During a play date recently, a friend of mine and mother to an 18-month-old child shared the new words her daughter started using recently. Among them were “more,” “bubbles” and “no!” We all shared in the excitement together. What a precious moment to see my friend beaming as she reported her child’s progress!
That’s when another friend and parent expressed concern about her 18-month-old not using many words. The mother started asking questions: how many words should he have? Why is he not using more? Why are his words unclear even when he does talk? I could sense a moment of panic after she heard that at 18 months children should be using 20 single words. That’s when I reminded her that gestures and animal sounds count as words. She was relieved!
As parents we do our best to make sure our children are meeting their milestones, including those related to speech and language.
May is Speech and Hearing Month! This provides an opportunity to raise awareness about communication difficulties and the role of speech-language pathologists in providing support.
Have you ever heard these statements?
“Oh don’t worry, he’ll grow out of it…”
“Everyone talks eventually…”
“Boys are slower than girls…”
“My brother never spoke until he was 4…”
They are all myths and early intervention is key.
Wee Talk is the speech and language service for preschoolers
Wee Talk is part of the Ontario’s Preschool Speech and Language Program. We provide services to children from birth to entry into Senior Kindergarten. Services are provided at no cost to families and do not require a doctor’s referral.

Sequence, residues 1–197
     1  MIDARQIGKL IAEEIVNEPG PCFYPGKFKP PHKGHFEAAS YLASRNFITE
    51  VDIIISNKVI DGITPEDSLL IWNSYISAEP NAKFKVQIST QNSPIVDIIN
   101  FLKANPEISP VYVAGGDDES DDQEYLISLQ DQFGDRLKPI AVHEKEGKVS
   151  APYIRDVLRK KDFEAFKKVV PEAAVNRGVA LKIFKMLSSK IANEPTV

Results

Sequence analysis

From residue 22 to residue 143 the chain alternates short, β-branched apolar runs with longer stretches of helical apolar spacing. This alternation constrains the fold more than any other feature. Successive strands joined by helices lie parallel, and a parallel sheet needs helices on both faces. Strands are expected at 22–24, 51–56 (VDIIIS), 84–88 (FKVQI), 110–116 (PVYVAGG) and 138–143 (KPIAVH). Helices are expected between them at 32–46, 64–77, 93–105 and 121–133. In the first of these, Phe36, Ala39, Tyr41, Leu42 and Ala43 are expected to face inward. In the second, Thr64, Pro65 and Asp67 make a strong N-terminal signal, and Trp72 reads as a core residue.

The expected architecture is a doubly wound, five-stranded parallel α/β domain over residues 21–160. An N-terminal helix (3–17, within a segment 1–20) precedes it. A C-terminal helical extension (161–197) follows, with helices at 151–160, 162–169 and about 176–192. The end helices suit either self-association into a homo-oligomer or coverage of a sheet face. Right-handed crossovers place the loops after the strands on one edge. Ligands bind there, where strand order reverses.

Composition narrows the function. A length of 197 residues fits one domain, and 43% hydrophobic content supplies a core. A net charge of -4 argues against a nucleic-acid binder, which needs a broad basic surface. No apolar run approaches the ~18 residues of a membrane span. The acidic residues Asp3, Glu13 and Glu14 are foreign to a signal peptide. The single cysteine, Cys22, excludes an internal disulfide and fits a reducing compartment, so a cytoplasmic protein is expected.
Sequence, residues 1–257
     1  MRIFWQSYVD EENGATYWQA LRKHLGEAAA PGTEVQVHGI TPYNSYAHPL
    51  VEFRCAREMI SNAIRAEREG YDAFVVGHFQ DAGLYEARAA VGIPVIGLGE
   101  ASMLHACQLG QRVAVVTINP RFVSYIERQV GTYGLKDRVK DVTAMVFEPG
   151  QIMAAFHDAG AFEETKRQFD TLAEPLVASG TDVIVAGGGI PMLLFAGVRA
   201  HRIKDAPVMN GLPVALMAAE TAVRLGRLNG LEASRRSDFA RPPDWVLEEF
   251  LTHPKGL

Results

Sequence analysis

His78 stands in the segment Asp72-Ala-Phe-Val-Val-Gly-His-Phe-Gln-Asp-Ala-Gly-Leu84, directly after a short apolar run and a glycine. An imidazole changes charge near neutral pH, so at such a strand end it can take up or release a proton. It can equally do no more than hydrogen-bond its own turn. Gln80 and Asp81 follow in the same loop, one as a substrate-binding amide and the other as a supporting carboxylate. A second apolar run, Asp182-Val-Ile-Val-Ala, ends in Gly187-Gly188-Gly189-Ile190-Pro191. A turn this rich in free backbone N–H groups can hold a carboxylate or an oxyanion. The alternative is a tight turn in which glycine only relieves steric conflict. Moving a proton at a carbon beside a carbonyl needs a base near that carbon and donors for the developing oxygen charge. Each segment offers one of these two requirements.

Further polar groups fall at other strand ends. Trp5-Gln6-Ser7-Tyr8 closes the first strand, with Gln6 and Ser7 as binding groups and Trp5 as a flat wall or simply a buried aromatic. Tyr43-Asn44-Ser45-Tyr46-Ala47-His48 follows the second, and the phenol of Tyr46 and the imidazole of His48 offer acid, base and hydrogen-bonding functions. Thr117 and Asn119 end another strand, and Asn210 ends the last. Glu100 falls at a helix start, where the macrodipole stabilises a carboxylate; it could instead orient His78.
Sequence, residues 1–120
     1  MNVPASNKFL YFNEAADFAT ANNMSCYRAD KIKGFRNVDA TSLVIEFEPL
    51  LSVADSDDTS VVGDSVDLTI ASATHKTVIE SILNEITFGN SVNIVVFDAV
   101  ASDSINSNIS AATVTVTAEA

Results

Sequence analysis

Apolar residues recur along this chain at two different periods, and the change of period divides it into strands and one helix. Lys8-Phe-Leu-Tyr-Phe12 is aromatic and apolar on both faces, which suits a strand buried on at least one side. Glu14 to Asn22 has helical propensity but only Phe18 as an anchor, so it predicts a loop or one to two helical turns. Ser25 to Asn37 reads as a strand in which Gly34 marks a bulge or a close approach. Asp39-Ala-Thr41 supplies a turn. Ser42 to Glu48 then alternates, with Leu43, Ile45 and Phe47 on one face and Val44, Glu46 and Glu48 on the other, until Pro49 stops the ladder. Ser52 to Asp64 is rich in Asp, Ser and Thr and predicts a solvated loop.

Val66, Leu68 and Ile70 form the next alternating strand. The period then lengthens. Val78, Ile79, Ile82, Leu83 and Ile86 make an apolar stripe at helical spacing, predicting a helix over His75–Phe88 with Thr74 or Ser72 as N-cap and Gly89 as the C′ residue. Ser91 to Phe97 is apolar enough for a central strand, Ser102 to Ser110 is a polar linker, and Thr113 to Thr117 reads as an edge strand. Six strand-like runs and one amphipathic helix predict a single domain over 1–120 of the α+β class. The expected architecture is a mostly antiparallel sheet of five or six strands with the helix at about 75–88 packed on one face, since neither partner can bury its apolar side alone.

We can provide:
• Information about how babies and young children learn to talk, and how parents can help
• Speech, language and communication skills assessment
• Direct and indirect therapy
• Parent education and training
• Home programming
• Public education
• Consultative services (in daycares)
• Transition to school support (JK/SK)
Let’s say, for example, that your child recently turned two and is not yet combining words into short phrases. We can show you tools and strategies to stimulate language and expand vocabulary.
Maybe your 4-year-old says “pish” for “fish” and “doh” for “go”. We can help work on the “f” and “g” sounds.
Or perhaps your JK student is not participating well with peers or making friends. We can help with social communication development.
Did you know?
• A “quiet” baby can be a worrisome baby; we want to hear lots of babbling by 6 months of age.
• A child typically has 3-5 words by 12 months of age.
• A child at 18 months of age will identify some body parts.
• A child at 24 months of age uses over 100 single words!
• A 3-year-old tells simple stories.
• A 4-year-old can match some letters to their sounds.
• A 5-year-old is understood almost all of the time.
You know your child best. Are you wondering if your preschool child is meeting his/her speech and language milestones? Here is a great resource to find out.
Communication skills start at birth
Here are some strategies that can be used to stimulate language and encourage sound production. You can do these with your children at home:
• Be at the same level as your child; get on the floor to play!
• Follow your child’s lead.
• Imitate your child’s sounds and words.
• Model simple language (single words, short phrases)
• Repeat, repeat, repeat! Children learn new vocabulary when they are exposed to it often and in a variety of contexts.
• Use more comments than questions. Asking too many questions can feel like a “test” to a child.
• Use books and music to explore language. Let your child fill in words and phrases as you share in stories and songs.
• If you have concerns or your child’s language is behind, consider a hearing test with an audiologist.
Remember that children learn best in the 3D world; screen time is for entertainment, not for learning.
It’s never too early to help. Call KIDS LINE for a referral if you have any thoughts that your child may benefit from speech and language services: 1-800-265-7293 ext. 3616.